CANADA STOCKS-TSX rises on higher oil, brighter metals view
* TSX up 0.56 percent, at 10,746.20
* Commodity prices support materials, oil and gas groups
* Bombardier falls 4.1 percent on canceled order (Adds details)
TORONTO, Aug 20 (Reuters) - Toronto's main stock index rose on Thursday morning, gaining support from resource-based stocks as oil and some metals prices firmed.
Oil prices tipped towards $73 a barrel, after rising more than 4 percent in the previous session, while copper and other metals gained as miner Rio Tinto issued an upbeat outlook on metals demand.
Gold was slightly lower, but shares of gold miners were higher with the rest of the TSX index's materials group, which led the index's rise with a 1.2 percent gain. Energy shares were up 0.3 percent.
Gold miner Goldcorp (G.TO: Quote) rose 1.04 percent to C$38.74, while fertilizer producer Potash Corp POT.TO was up 1.3 percent at C$105.80. Miner Teck Resources TCKb.TO climbed 2.3 percent to C$28.30, and oil company EnCana (ECA.TO: Quote) was up 1 percent at C$57.38.
The top heavyweight decliner was Bombardier (BBDb.TO: Quote), which fell 4.1 percent to C$3.97 after it ended a large Learjet contract with Jet Republic after the upstart private aviation company declared insolvency. [ID:nN20509344] That weighed on the index's industrials group, which slipped 0.4 percent.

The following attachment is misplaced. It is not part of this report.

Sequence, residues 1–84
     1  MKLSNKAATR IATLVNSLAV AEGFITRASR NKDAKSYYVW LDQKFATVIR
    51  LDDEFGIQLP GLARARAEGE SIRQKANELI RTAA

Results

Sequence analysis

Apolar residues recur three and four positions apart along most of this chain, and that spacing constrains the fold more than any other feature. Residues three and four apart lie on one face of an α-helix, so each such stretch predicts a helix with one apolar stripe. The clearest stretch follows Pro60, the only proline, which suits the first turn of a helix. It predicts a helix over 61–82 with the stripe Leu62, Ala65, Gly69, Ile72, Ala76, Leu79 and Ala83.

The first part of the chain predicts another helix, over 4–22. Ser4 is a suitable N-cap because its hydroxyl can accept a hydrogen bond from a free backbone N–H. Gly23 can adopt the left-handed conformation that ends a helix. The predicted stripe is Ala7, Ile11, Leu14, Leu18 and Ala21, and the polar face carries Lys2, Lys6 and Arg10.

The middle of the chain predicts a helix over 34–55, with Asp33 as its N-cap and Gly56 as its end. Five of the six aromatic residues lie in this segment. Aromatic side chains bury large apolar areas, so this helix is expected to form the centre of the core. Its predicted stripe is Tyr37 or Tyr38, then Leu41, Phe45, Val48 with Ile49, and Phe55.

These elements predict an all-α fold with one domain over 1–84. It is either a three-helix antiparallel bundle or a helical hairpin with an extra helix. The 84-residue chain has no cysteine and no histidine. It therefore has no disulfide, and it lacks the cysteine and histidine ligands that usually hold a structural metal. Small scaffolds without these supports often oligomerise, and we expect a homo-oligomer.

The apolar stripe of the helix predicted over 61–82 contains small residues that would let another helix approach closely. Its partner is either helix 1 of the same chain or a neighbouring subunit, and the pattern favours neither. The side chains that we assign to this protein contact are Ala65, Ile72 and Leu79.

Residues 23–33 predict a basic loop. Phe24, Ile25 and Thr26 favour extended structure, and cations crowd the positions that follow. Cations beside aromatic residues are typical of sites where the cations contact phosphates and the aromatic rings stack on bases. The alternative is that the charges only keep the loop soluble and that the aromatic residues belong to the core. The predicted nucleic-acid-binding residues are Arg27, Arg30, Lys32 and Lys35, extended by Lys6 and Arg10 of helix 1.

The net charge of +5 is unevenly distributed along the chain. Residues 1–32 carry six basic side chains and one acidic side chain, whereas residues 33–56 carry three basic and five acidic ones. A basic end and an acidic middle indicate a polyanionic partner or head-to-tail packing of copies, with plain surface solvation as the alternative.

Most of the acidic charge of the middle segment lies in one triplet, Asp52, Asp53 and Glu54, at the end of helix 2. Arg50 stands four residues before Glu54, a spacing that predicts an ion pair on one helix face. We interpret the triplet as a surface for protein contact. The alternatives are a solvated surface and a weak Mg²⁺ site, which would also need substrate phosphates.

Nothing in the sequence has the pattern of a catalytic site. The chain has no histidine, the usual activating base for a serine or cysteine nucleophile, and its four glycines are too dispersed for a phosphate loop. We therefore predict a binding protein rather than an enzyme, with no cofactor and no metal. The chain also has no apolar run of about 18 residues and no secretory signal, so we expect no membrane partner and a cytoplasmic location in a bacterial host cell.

The financial sector rose 0.6 percent ahead of quarterly results from Canada's big banks next week. Royal Bank of Canada (RY.TO: Quote), the index's top heavyweight advancer, was up 1.5 percent at C$51.36.
At 10:20 a.m. (1420 GMT), the S&P/TSX composite index .GSPTSE was up 59.37 points, or 0.56 percent, at 10,746.20. Six of its 10 main groups were higher.
"So far today it's kind of lackluster," said Francis Campeau, a broker at MF Global Canada in Montreal.
"China has been the underlying story. But it's been a bit of a nonevent morning...we've traded a very small range. Volume is extremely light."
The TSX has been volatile this week on seesawing appetite for risk, largely taking direction from Chinese stock markets, which havee become a barometer for confidence in the strength of the recovery.
But the TSX has also shown some resilience. On Wednesday it was able to claw back from a big drop at the open to finish in positive territory.
In the United States, the latest weekly jobless claims figures suggested a stalled job market and fanned fears that the recovery would be anemic, which initially weighed on market sentiment. [ID:nN20510281]
($1=$1.10 Canadian) (Reporting by Ka Yan Ng; editing by Peter Galloway)
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